Is Your Construction Company Ready for Change?

Creating a business model that focuses on accommodating change can seem like unnecessary extra work. Yet change is always a part of the landscape — an uncertain economy, rapidly developing technology, the remnants of a pandemic or even normal market shifts.

Adapting to changing demands and digital advancements can help your company come out better on the other side. By being flexible and recognizing when change is needed, you can increase responsiveness and position your company for growth.

Improve Your Soft Skills

Though it’s tempting to focus on the numbers in your operation, soft skills help clarify your business’ values, culture and mission. While they might not be quantifiable, they pave the way for acceptance of change throughout the organization.

One soft skill you can focus on is your construction company’s leadership. You and your leadership team set the tone for the entire company. So take some time to think about what kind of leader you are. Do you have the attitude that you’d like embodied by the rest of the company? Is your leadership team unified when new procedures, policies and processes are being introduced? Are you jointly encouraging production, collaboration, good morale and employee accountability?

You can also improve communication skills and processes. Are you effectively conveying your business’ strategy to the entire company? How do you communicate business continuity plans and operations to employees and customers in the face of a storm or other forced closure?  Are you taking advantage of new and existing networking options that can help you grow your business?

Finally, don’t forget about employee motivation and empowerment. A construction company workforce with good morale is often a path to greater profitability. For example, well-trained employees reduce legal liabilities, risk and on-the-job injuries. So while investing in employee training can cost money, the payoff is worth it.

You can also increase productivity by improving motivation; recognize employee accomplishments regularly and incentivize them to do good work. Additionally, do your employees have all they need for self-sufficiency? By giving them the tools they need (both physical and knowledge-based), they can work more independently and gain confidence.

Review Your Operations and Processes

Can you make any of your processes more efficient and productive? Doing so can reduce your costs — an important goal in construction. Streamlined operations are also easier to fine tune when you have to adjust to market conditions.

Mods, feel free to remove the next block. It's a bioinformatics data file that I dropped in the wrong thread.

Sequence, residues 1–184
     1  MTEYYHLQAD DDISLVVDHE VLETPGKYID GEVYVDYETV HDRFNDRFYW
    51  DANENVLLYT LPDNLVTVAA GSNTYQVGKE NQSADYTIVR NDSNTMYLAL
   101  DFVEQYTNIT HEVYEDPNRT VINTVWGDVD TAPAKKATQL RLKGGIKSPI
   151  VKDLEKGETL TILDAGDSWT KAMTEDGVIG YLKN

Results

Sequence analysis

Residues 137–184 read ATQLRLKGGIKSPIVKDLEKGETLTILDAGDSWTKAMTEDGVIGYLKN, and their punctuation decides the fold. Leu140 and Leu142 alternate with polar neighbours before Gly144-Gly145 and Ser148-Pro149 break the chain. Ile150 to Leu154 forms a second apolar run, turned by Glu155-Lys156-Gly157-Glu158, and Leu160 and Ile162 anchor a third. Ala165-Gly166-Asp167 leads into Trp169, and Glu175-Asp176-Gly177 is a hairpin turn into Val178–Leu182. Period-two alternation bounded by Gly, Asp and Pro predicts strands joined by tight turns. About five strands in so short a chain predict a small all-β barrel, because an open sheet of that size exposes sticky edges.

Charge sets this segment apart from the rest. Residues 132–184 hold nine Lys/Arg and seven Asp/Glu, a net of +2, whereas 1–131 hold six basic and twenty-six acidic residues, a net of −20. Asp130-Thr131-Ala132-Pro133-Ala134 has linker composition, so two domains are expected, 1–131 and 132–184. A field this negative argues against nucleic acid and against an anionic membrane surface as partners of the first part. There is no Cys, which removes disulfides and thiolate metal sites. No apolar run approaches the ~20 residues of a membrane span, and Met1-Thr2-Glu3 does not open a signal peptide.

While it’s quiet, take the time to look for missed opportunities. There are several questions you can ask yourself:

  • Job Estimating: Are you using a job-estimating system that allows the right amount of revenue to remain competitive while keeping revenue high? Can you quickly capture delay and scheduling costs that could be used in future claims? Are you accounting for supplier price increases, pandemic costs and extra equipment and labor expenses?
  • Project Managers: Are your company’s project managers setting reasonable timelines? What about achievable, realistic goals on your projects? Can they effectively manage your customer’s expectations appropriately? Are they able to make improvements on their time management processes?
  • Risk Management: How is your company evaluating risks, whether it’s based on projects, contracts, receivables, payables, billing, bank credit line changes or loan balances? What about risks with your subcontractors? Are you taking precautions? Are you using bonding requirements, schedule and work type to prioritize new business?

Technology Reappraisal

The changes typically brought forward by digital transformation were accelerated with the COVID-19 pandemic. From cloud collaboration to virtual modeling and robotics, technology has forever changed the construction industry.

Your company’s ability to evolve with technology will impact your future success. Here are some things to think about:

  • Automation: Can you streamline job-costing, requests for information, risk assessments, project management, asset management and customer relationships using automated processes?
  • Augmented Reality (AR): What about using AR to check for errors in your plans prior to breaking down or when you’re doing training with your crew?
  • Analytics: Does your job-estimating software let you report budget-to-actual, labor productivity and cost-to-complete? What’s your best customer type?
  • Internet of Things: Are you using sensor data and devices on your equipment to predict maintenance and assess your performance? What about for tracking equipment on the job site?
  • Drones: How are you performing safety checks after a big storm on your job site? Are you manually laying out your job sites? Drones can be used in these and other scenarios.

Seek Professional Advice

While making changes like these in your construction business can be difficult, it can also yield big results. It’s important to consult with construction CPAs and other professional advisors to find the best solutions for your business.


All content provided in this article is for informational purposes only. Matters discussed in this article are subject to change. For up-to-date information on this subject please contact a James Moore professional. James Moore will not be held responsible for any claim, loss, damage or inconvenience caused as a result of any information within these pages or any information accessed through this site.